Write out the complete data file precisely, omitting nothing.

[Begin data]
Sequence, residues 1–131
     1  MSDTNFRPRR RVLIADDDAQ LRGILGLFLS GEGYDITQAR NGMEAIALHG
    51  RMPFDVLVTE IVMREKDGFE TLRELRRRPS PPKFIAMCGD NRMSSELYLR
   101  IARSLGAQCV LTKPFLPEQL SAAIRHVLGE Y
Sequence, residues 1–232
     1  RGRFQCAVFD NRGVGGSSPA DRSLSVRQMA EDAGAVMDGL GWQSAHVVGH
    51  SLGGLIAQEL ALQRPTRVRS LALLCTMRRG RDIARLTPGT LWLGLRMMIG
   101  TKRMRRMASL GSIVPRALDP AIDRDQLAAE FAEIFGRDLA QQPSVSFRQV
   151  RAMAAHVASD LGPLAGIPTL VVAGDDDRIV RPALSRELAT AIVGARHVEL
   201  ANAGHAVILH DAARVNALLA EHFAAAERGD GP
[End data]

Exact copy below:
Sequence, residues 1–131
     1  MSDTNFRPRR RVLIADDDAQ LRGILGLFLS GEGYDITQAR NGMEAIALHG
    51  RMPFDVLVTE IVMREKDGFE TLRELRRRPS PPKFIAMCGD NRMSSELYLR
   101  IARSLGAQCV LTKPFLPEQL SAAIRHVLGE Y
Sequence, residues 1–232
     1  RGRFQCAVFD NRGVGGSSPA DRSLSVRQMA EDAGAVMDGL GWQSAHVVGH
    51  SLGGLIAQEL ALQRPTRVRS LALLCTMRRG RDIARLTPGT LWLGLRMMIG
   101  TKRMRRMASL GSIVPRALDP AIDRDQLAAE FAEIFGRDLA QQPSVSFRQV
   151  RAMAAHVASD LGPLAGIPTL VVAGDDDRIV RPALSRELAT AIVGARHVEL
   201  ANAGHAVILH DAARVNALLA EHFAAAERGD GP